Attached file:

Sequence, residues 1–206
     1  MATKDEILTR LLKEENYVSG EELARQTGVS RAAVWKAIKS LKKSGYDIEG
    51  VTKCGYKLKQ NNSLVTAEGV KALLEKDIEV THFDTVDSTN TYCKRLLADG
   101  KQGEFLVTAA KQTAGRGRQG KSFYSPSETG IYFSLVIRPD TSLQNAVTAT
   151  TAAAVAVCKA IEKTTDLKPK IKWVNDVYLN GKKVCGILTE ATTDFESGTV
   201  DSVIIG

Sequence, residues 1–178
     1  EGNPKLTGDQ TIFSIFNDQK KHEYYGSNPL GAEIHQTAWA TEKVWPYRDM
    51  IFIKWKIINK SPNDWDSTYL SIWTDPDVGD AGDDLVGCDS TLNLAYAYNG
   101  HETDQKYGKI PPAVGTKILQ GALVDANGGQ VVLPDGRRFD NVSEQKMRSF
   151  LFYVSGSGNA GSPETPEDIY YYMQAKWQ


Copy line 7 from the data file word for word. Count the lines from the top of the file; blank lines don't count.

Sequence, residues 1–178